Federal annuitants who are rehired by the government, unlike those who stay retired, can participate in the “premium conversion” arrangement under the Federal Employees Health Benefits program. That factor might help some retirees decide whether to be accept reemployment, as increasing numbers of them are doing because the government is eager to continue using their expertise. Generally speaking, active employees can participate in the arrangement but retirees cannot because of the tax code.
Rehired annuitants can get back into the premium conversion by having their FEHB premiums deducted from their pay as employees rather than from their retirement annuities. In order to allow eligible reemployed annuitants an opportunity to participate in premium conversion, their FEHB enrollment must be transferred from their retirement system to their employing agency.
If you are rehired in a position that conveys eligibility for FEHB coverage, you may enroll in FEHB under the same terms as any newly hired employee. You will automatically participate in premium conversion unless you file a waiver.
Your participation in premium conversion ends on the last day of the last pay period as an employee. When you again separate from active service, your FEHB enrollment must be transferred back from your employing agency to OPM or the appropriate retirement system.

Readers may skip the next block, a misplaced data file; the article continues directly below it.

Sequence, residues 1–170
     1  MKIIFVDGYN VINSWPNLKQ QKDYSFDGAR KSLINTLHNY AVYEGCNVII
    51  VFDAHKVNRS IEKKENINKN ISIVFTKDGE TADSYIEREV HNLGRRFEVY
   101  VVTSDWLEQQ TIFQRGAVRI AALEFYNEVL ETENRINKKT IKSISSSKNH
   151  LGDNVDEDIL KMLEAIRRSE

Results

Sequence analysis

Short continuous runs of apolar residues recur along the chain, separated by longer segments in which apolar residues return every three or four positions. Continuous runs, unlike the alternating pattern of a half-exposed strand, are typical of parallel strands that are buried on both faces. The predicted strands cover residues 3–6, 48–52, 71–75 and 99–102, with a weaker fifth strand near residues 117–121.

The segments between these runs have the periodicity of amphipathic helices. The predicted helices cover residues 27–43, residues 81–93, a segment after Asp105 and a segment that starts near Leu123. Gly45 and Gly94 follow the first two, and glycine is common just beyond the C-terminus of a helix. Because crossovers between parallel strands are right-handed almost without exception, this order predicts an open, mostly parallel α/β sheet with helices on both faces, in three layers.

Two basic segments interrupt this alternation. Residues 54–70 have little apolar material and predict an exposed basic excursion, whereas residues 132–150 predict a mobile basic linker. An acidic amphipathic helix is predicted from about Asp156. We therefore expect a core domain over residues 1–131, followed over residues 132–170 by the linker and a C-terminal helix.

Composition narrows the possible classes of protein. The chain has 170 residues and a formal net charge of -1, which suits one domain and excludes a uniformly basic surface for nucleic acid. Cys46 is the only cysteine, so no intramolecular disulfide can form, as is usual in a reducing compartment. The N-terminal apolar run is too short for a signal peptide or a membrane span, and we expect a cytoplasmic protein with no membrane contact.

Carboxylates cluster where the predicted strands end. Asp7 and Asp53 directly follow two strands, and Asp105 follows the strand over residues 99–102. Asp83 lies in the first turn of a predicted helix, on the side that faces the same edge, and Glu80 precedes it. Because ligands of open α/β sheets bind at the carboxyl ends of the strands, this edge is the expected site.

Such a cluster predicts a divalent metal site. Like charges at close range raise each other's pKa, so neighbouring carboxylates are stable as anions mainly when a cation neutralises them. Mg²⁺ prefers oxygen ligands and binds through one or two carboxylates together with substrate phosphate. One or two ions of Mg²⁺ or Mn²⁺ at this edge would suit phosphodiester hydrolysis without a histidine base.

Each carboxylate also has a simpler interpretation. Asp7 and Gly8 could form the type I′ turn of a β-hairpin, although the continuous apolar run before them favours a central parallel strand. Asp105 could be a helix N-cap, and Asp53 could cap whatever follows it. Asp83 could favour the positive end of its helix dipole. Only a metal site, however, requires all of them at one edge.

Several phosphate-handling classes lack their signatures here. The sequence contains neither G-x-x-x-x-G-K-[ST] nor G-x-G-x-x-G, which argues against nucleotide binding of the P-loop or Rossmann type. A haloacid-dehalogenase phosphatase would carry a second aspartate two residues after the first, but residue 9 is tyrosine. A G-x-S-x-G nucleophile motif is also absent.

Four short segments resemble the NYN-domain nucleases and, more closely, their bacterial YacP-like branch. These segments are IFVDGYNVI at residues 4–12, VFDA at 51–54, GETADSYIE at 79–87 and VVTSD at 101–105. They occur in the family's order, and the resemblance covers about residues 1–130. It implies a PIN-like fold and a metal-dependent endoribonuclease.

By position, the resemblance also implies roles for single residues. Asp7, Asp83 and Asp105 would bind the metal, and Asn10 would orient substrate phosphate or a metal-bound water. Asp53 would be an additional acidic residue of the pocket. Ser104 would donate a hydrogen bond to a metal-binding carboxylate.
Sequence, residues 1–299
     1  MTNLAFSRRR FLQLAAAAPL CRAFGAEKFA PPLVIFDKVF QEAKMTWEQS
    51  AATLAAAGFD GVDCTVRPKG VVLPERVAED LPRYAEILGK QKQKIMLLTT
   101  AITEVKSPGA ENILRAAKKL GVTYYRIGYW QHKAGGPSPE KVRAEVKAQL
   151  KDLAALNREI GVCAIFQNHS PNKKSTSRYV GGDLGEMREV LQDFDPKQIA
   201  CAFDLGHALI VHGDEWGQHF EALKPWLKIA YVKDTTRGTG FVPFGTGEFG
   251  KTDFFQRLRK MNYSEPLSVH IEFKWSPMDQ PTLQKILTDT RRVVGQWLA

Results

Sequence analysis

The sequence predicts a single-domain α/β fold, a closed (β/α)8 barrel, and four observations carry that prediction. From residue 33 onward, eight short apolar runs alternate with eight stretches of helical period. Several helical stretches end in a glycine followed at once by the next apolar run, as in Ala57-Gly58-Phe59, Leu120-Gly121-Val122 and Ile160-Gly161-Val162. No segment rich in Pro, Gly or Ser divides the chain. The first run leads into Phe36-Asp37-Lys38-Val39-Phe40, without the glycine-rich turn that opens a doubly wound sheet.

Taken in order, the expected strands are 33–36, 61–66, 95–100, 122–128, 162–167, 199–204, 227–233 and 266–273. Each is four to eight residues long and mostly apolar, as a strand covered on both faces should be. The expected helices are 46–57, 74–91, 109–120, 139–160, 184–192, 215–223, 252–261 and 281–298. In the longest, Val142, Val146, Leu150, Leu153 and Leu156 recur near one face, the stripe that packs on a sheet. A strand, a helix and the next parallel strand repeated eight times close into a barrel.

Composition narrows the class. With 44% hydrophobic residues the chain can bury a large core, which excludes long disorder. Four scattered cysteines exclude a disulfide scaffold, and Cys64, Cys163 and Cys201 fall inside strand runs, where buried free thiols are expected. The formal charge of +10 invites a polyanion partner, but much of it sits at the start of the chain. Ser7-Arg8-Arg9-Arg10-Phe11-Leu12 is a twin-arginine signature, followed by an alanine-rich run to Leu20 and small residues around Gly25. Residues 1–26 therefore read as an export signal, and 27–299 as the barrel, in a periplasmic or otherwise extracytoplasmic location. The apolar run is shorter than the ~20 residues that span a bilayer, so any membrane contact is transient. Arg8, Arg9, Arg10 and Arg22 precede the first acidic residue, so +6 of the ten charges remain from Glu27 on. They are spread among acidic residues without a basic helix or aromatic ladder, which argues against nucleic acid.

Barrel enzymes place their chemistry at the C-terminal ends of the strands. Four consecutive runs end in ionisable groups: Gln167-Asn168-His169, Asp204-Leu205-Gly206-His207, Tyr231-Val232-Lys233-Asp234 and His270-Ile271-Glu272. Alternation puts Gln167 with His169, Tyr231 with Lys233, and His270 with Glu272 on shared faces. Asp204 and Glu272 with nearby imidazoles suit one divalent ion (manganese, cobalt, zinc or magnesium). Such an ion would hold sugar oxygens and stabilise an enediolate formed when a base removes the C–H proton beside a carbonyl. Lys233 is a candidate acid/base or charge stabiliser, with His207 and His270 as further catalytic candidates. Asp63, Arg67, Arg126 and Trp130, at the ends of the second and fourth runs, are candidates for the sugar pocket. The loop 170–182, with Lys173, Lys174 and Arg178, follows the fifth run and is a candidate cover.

The same applies to FEDVIP vision-dental insurance, where participation in premium conversion is actually required for active employment.
In addition, federal retirees deemed to be retired “public safety officers” may pay up to $3,000 a year in health and long-term care insurance premiums with pre-tax money, so long as the distribution is made directly from the retirement system to the provider–as is commonly done with retiree premiums. “Public safety officers” for this purpose include law enforcement officers and firefighters.
Legislation has been pending in Congress for many years to allow all retirees to participate in premium conversion. While the measures attract co-sponsors, no progress has been made toward bringing the bills to a floor vote, largely due to concerns by congressional tax-writing committees that private sector retirees would ask for the same tax break.